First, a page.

Confronting tuberculosis at the age of 17 forced me to live a life in isolation for a long period of time--part of which was associated with stigma; part with my own fear and shame of not having lived fully and losing time. After the suicide of a lover, to live again was the only way out.
Tragedies shape the human in you.
The act of photography is a pretext to getting closer. To reconcile. To continue living a dual life: One, in a vulnerable position of solitude. The other, within the personal space of strangers. Some of those strangers(who) stay. Some fade away.
Fragments of the Dying Man is a diary of fragility, loss and desire.
It oscillates between Isolation and Intimacy. Day and Night. What’s in control and what’s not. The lines are blurred.
Much like the life lived, the images are soiled, weary, damaged and fragile. Desire, illness and death become one.
This journey exists in solitude, in lands that are vast yet confined with so little happening, looking outside for love and sometimes inside, often photographed by strangers. But who is looking at whom? All merge into one another. It’s a faint reminder of a tragic past that haunts again and again. It’s a past filled with anger and despair.
At the end are my encounters with the strangers with whom I share spaces, all the while moving around. Those that gave me a shelter, those like me. Encounters and spaces. Confined, intimate and visceral. Much like me, everyone I desire through an image lives a life of ambiguity. Some are erotic performers, some survive by selling their sex, some work odd jobs, only to survive in a fast- changing capitalist society that is slowly consuming us all. For me the identity is not based on what the person does to exist in a world where power dictates social norms and moral codes. Different worlds struggle to exist, finding a way out only through the camera, without the fear of being judged. Some have been abused, some bullied, some in a deep sense of anguish, exploding through the feeling of desire and being desired. Some alive, some not anymore. Photographing leads people to share their most intimate experiences and some break down in the process. This journey is a Zeno’s paradox : The closer you get to someone, the more distanced you become. It is in these contradictions that I thrive.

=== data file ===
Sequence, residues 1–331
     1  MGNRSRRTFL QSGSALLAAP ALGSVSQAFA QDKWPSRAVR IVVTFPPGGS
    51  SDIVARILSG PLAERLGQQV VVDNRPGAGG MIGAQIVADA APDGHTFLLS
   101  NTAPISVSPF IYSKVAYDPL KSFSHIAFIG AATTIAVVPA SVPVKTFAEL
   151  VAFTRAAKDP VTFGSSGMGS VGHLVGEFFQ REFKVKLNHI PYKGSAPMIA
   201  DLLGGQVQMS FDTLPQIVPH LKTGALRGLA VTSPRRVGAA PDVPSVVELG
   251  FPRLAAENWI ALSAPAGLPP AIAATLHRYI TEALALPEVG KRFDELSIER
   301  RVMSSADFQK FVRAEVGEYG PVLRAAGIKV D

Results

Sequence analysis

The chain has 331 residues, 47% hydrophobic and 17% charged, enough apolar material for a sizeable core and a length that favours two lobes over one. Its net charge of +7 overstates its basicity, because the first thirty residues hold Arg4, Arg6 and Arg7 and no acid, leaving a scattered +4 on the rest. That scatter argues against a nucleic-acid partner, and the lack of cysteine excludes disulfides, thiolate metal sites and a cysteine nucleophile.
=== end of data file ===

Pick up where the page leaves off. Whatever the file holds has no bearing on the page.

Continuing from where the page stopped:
How photography creates a fiction around us?? me and the other, and how through this fiction, of promiscuous exchanges, we get closer to understanding what it means to be here. The narratives are simple, people acting on their own whim, being the actors and directors of the stage of desire, trying to understand their body and identity. Clothed barely or nothing at all. They imagine to be fetish, and this is what gives them control. A subtle vulnerability that becomes the symbol of an unspoken strength and sexual power.
The Fragments is based on disavowals. It plays with the ambiguity of our identity and the masks that we put on to perform for the camera and in life. Those photographed are aware that a camera is observing them , sometimes they become part of the voyeuristic exercise, and perform, sometimes just be. In its experience with sexuality, the “queer” body and space , it strives to look beyond “presupposed zones of identity and representation”, to think of the anonymous, erotic and uncertain forms of “sociality”- death, disappearance, fragmentary, passing of people and places.
Through this, I try to live up to my own questioning of desire and the inarticulate form that sits between proximity and promiscuity and is maybe called love.
I seek the other in this constant pursuit of desire, pleasure, fear, doomed to fail, and ultimately, I find my own reconciliation.